M&G backs down from challenging Superdry’s rescue plan, giving the company a lifeline.

London-based fashion chain Superdry has received a lifeline as its flagship store’s owner has withdrawn its challenge to the company’s rescue plan. According to reliable sources, asset manager M&G had considered formally objecting to Superdry’s restructuring plan, but has now decided against it.

M&G, which owns Superdry’s store on Oxford Street, had sought legal advice from City law firm Hogan Lovells to review the proposed plan. However, it has now chosen not to proceed with any formal actions. City insiders also revealed that British Land, which owns a small number of Superdry outlets, will not challenge the restructuring plan but will also abstain from voting on it.

The rescue deal, which involves significant rent reductions for several landlords, will not result in any store closures in the UK. It will also be accompanied by a substantial funding injection from the company’s founder, Julian Dunkerton. However, property groups were reportedly concerned about their exclusion from a mechanism that would allow them to benefit from any future improvement in Superdry’s performance.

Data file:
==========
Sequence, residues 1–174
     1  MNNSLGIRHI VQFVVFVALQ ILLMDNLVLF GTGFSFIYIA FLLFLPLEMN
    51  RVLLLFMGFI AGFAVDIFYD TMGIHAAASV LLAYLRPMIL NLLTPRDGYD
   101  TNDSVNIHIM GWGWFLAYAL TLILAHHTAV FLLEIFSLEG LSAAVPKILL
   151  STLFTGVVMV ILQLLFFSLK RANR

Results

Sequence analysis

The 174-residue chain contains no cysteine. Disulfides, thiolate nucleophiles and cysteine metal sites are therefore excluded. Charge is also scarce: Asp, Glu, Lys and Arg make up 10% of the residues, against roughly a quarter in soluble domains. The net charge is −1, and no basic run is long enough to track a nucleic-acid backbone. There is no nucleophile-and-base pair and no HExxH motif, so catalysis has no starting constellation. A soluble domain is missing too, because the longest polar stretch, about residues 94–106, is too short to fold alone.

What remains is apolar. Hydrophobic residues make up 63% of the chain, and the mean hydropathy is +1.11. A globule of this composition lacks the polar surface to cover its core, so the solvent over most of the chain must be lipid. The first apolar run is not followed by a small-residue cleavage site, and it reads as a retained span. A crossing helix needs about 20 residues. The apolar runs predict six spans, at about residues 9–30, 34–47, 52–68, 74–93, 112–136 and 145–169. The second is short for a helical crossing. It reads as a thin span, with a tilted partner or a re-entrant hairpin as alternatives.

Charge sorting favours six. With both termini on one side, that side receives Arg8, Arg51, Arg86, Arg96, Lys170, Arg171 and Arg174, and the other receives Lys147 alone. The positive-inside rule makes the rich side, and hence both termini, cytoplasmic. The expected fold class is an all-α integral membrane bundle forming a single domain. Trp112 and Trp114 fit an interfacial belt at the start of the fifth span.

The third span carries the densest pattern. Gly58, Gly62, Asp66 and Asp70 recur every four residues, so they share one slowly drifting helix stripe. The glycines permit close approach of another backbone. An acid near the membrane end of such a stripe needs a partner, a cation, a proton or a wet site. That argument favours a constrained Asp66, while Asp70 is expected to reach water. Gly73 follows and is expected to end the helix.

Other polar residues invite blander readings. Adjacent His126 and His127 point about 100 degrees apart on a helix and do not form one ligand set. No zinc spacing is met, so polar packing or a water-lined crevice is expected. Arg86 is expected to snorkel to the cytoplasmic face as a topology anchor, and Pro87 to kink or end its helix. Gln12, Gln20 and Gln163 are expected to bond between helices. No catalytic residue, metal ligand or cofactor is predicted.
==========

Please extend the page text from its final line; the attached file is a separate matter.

In a statement, a spokesperson for Superdry stated that they are actively engaging with their landlords regarding the proposed Restructuring Plan, which is crucial for the company’s future. The struggling fashion chain’s shares were trading at a mere 4.45p in London, giving it a market capitalisation of less than £40m. If the restructuring plan is successful, Superdry’s shares will be delisted.

Both M&G and British Land declined to comment on the matter. The news of M&G’s withdrawal and British Land’s decision not to challenge the rescue plan comes as a relief for Superdry, which has been struggling to stay afloat amidst the challenging retail environment.

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